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Lion Rocker Connect – August 2021

Do you have pain in your low back and pelvic areas? You might suffer from Pelvic Girdle Pain. At Lion Rocker Physio and Pilates, we provide specialised physio in treatment for pelvic girdle pain. Today, let’s us explain to you what exactly is Pelvic Girdle Pain.

The pelvic girdle

The pelvic girdle is a ring of bones around the base of the spine and consists of the iliac bones, sacrum and coccyx. It has a joint at the front called the symphysis pubis and two joints at the back called the sacroiliac joints. 

Pelvic girdle pain – what is it?

Pelvic girdle pain (PGP) is commonly defined as pain or discomfort in the pelvis and lower back area, which may radiate to the upper thighs and perineum.

Symptoms may include:

  • Popping and clicking sounds in the pelvic joints

  • Pain with walking

  • Pain with crossing legs

  • Pain with going up and down stairs

  • Pain with getting in and out of the car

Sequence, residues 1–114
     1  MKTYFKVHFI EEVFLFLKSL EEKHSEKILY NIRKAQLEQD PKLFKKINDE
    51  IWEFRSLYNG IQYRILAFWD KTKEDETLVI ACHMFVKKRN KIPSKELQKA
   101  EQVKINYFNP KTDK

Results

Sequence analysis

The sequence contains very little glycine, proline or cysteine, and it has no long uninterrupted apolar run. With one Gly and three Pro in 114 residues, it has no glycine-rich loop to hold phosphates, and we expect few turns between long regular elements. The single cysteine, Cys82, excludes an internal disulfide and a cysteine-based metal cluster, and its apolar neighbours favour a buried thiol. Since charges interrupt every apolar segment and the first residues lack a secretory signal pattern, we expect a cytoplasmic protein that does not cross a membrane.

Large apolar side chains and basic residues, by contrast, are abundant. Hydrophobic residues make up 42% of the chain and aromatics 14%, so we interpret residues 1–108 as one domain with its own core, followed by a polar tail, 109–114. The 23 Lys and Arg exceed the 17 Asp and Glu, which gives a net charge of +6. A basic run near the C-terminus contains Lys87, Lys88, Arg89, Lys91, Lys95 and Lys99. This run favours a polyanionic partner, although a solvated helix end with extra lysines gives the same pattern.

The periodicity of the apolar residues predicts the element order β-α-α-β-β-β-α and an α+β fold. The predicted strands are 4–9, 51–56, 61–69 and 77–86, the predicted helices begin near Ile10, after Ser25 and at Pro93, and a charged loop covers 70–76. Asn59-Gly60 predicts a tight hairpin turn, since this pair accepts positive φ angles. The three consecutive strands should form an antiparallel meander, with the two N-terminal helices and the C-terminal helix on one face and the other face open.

• Pain with rolling in bed

  • Pain during sexual intercourse

Symptoms can vary from a mild discomfort
to severe, debilitating pain which can result in significant physical disability with psychosocial implications, such as time away from work, poorer quality of life and a predisposition for chronic pain syndromes.

Pregnancy-related PGP (PRPGP)

Some women experience pain in these pelvic joints during pregnancy due to the extra weight of the baby and changing postures, making the pelvic girdle more unstable. This pain can persist in some women during childbirth and even into the postpartum period. Some women who have a history of hyper-mobility (loose joints), or previous injury to the back and/or pelvis may be at a higher risk of developing PRPGP. A woman who has experienced this problem in one pregnancy may be more at risk of PGP in future pregnancies, although this can be reduced by maintaining fitness and increasing abdominal and pelvic floor muscles strength.

What can physio do?

Pelvic floor muscles will also be assessed, and exercises will be taught to provide more support to the pelvic girdle. The use of support garments like belts or shorts, or mobility aids, like crutches or a wheelchair in severe cases, may be recommended. Other treatment can include dry needling and manual therapy to the affected muscles and joints and advice will be given to manage this problem.
We would love to hear your feedback, please let us know your thoughts. If you are interested in other topics, please let us know and we will cover them next time.

Source and reference:

Department of Health Pregnancy Care Guidelines

Pelvic Pain Foundation of Australia

Australian Journal of General Practice – Pelvic Girdle Pain in Pregnancy

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